As far as the actual style of the handheld cameras throughout the movie, it’s occasionally distracting but they use enough explained cheats and other excuses for different video sources that it comes off pretty well overall. I found that the movie was a little slow to get moving along but once it got going it flowed through to the ending very enjoyably. I found that with this specific movie, it’s a great excuse to get the teenagers talking to the camera and there’s thankfully little to no overly shaky, motion sickness inducing camerawork that literally made me sick the first time I watched Blair Witch in theaters.

The other thing that’s talked about almost universally when I was reading about this movie is the flying. Yes the teens soon learn how to fly and they do it with a believable amount of trial, error, and lack of finesse. It’s not like the first time Neo figures out he can fly and suddenly becomes a Superman bullet rocketing through the sky. It’s a lot more like a baby bird first learning to fly without the advantage of instincts to help them out. They’re clumsy at first, yet completely ecstatic, and the method used to pull this off on camera is excellent. We’ve come a long way from Catwoman’s shiny videogamesque CGI actor replacement. The flying scenes are very realistic and believable.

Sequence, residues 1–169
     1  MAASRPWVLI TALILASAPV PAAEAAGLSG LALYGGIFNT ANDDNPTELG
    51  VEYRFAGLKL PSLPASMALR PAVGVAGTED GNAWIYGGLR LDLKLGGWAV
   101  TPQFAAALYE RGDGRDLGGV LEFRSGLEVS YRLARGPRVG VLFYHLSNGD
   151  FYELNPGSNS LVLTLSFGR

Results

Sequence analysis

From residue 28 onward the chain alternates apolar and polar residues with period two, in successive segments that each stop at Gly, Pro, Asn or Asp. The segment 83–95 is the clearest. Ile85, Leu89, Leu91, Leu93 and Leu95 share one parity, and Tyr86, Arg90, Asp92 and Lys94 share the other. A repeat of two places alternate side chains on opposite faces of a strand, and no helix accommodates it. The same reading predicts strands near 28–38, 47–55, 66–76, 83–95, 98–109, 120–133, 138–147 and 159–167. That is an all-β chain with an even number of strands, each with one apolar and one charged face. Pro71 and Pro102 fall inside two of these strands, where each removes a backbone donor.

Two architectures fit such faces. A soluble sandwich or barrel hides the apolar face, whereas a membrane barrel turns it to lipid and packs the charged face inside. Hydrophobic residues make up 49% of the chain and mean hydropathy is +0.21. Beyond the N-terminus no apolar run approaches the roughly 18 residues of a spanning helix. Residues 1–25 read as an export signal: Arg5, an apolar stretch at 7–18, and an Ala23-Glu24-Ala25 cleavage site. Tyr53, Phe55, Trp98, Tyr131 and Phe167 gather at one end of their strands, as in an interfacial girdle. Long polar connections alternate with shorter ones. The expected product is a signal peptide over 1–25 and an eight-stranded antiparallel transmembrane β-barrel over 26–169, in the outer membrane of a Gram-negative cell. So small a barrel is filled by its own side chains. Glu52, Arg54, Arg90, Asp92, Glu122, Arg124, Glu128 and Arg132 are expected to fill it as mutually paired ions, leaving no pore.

I think my biggest problem with the movie is that while it seems like it’s the first act of a superhero movie, it’s much more focused on the villain of the piece. Yes, it is Andrew’s camera that’s filming most of the movie, and yes he’s the one that takes the dark path as foreshadowed by his shaky home life. And then at the end the hero becomes a hero by doing what has to be done and goes away. It would have been great to see more of his journey and what happened to make him choose the right path and make the right decisions. But at the same time it’s a morbid fascination that makes it almost more interesting to see how Andrew makes the decisions that take him further and further down the path of destruction, and most of them almost seem like they’re the right decisions, or at least the only decisions he has based on what he’s been through. I can’t put my finger on it, but I think somewhere it strays a little too far or too quickly for the audience to root for him throughout the last half of the movie even though he’s a very sympathetic character.

I’m glad I caught wind of this movie, it really came out of the blue for me and I enjoyed watching it pretty well. If I wasn’t doing this movie blog I might have let it fall by the wayside and I would have missed it altogether. It’s not a perfect movie by any means, but it’s still a pretty great movie. I definitely recommend checking this out if you have the chance. Thursday I’m back to my regularly scheduled theme for the month with Hancock. Until next time this has been Bubbawheat for Flights, Tights, and Movie Nights.